A Google news email that went out to the general public named the accused killer of Briton Grace Millane in December, despite a court order suppressing his identity while he was on trial.
The tech firm initially appeared contrite, holding meetings with Justice Minister Andrew Little and assuring Prime Minister Jacinda Ardern earlier this year that the issue was being looked at.
Little said a follow-up inquiry in March yielded no results, before he finally received a one-paragraph email from Google this week indicating the company saw no need to change its policy as the case had been "extensively reported by overseas media".
A furious Little described the response, which included a link to Google's legal support page, as "contemptible" and "extraordinarily disrespectful".
"It's giving the middle finger to New Zealand justice and the family of Grace Millane," he told AFP.
Little said suppression orders were put in place to ensure the court system gave the accused a fair trial and Google's actions potentially undermined that right.
"I can't let that happen," he said.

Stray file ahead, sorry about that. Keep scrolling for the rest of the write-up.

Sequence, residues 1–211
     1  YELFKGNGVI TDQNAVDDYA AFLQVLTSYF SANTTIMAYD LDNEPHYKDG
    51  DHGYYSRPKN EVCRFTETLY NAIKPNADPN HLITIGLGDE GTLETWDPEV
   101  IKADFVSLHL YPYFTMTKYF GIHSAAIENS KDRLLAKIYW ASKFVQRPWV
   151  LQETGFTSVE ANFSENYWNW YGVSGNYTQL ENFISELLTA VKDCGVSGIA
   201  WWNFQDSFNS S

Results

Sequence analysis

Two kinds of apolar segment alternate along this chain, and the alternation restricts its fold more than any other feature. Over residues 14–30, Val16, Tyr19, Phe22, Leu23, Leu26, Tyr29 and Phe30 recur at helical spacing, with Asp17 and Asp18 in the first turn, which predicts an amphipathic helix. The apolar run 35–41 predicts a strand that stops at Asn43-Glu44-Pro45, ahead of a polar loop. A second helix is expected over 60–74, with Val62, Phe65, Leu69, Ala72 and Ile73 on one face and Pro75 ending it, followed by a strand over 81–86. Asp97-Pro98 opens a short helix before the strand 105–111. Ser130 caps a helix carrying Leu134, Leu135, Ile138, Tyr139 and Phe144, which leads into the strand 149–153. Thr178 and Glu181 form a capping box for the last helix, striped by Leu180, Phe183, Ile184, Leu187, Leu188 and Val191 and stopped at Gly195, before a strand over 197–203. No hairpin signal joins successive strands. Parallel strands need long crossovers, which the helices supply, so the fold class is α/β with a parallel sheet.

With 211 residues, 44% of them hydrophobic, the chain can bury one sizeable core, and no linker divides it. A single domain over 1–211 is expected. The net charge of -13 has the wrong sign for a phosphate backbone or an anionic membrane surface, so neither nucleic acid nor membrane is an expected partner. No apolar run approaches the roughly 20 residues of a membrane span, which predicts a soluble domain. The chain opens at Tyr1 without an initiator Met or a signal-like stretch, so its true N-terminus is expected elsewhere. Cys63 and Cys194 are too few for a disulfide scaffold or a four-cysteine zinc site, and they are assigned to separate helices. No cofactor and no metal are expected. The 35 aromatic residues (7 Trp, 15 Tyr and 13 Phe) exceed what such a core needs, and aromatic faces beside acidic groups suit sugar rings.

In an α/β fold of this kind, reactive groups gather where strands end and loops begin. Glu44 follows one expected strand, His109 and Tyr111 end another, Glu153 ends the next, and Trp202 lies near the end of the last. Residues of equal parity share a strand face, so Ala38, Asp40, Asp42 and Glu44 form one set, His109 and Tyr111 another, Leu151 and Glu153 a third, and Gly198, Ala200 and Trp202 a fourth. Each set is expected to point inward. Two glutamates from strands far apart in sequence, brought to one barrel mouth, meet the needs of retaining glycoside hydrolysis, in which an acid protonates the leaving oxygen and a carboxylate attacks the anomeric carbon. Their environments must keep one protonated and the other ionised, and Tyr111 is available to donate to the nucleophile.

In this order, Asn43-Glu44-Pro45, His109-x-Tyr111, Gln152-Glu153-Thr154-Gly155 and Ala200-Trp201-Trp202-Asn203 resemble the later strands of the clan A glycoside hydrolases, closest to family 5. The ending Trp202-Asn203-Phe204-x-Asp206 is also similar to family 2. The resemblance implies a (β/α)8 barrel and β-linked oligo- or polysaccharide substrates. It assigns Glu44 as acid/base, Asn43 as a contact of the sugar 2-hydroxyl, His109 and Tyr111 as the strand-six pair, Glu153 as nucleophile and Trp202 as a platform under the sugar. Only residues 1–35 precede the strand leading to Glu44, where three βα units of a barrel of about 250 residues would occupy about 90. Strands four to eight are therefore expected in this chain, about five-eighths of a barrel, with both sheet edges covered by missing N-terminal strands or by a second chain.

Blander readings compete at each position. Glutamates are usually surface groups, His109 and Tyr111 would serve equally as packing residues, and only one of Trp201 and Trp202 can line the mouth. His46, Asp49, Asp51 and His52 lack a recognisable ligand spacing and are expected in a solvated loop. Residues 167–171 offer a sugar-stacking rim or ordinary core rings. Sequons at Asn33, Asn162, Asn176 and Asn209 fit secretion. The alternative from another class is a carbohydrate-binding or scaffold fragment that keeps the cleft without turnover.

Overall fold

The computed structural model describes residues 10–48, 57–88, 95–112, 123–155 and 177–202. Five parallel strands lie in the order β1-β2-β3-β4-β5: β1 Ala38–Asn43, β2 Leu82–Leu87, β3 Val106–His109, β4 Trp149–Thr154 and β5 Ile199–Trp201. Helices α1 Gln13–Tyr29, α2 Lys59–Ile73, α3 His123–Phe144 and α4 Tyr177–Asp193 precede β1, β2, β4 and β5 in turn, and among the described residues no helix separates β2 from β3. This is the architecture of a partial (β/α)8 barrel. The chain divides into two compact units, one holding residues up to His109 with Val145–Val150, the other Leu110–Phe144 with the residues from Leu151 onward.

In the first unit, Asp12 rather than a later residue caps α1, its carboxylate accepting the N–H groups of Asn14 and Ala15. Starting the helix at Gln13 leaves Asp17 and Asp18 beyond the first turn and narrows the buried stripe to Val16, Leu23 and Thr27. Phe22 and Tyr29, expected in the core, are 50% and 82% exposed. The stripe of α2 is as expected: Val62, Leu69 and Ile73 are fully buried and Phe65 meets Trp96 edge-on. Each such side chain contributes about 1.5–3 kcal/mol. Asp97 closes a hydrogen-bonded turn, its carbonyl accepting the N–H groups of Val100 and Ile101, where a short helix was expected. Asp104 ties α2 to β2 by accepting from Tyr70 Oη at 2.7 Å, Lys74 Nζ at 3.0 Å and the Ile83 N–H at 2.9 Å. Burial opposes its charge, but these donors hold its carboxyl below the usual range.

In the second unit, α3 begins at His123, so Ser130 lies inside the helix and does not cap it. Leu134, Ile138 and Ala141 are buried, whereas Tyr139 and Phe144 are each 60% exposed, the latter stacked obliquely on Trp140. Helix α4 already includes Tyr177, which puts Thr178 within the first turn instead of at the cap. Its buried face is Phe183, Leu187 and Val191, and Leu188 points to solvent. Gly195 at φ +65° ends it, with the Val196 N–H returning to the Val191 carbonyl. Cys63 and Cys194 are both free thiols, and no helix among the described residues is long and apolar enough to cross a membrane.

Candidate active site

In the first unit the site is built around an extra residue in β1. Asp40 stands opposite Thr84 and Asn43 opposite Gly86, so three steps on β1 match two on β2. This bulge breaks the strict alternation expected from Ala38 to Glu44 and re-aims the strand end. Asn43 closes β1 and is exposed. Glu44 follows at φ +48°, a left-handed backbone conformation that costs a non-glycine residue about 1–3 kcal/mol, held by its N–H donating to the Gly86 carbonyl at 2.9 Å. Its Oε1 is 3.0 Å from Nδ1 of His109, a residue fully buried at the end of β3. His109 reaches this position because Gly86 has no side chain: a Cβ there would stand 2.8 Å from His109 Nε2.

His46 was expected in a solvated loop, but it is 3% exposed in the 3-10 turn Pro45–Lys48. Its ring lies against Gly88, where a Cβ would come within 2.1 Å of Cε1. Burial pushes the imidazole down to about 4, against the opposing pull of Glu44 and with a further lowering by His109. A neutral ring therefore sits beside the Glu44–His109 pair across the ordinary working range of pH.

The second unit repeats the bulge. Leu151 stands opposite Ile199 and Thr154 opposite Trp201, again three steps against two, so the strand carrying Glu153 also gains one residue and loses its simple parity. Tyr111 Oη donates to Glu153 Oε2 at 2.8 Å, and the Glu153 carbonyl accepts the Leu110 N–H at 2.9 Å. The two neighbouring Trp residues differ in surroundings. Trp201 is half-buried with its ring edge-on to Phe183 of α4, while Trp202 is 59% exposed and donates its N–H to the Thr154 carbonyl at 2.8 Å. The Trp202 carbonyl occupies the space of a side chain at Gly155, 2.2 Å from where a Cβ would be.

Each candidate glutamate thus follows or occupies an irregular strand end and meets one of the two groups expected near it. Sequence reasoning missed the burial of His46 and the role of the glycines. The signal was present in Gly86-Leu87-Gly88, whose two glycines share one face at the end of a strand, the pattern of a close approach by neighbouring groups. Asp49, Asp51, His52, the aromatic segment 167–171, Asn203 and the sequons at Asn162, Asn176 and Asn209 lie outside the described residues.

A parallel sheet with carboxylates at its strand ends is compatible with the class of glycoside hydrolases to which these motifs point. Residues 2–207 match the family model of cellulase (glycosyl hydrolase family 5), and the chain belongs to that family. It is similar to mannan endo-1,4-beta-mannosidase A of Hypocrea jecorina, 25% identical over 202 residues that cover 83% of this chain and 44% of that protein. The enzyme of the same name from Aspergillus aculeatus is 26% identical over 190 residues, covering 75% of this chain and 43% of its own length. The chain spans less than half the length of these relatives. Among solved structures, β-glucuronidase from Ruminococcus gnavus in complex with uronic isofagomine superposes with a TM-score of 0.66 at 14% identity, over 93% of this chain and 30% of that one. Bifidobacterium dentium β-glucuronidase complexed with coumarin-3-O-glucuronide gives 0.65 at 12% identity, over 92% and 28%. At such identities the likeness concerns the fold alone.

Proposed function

"If Google aren't going to change then I have to find a way to put pressure on them through the legal system or through international agreements."
He said he would raise the issue at meetings with his international counterparts in coming months.
Millane, 22, was killed in December last year shortly after arriving in Auckland on holiday in a crime that shocked New Zealand.
A 27-year-old man has pleaded not guilty to her murder.
The row is the second time the New Zealand government has taken social media giants to task in recent months.
Ardern led global efforts to force them to curb hate speech in the wake of the Christchurch mosques massacre in March, when a gunman killed 51 Muslim worshippers as they gathered for Friday prayers.
Little said Google had shown a willingness to take responsible action in the wake of the attack and he hoped it would do so again in the Millane case.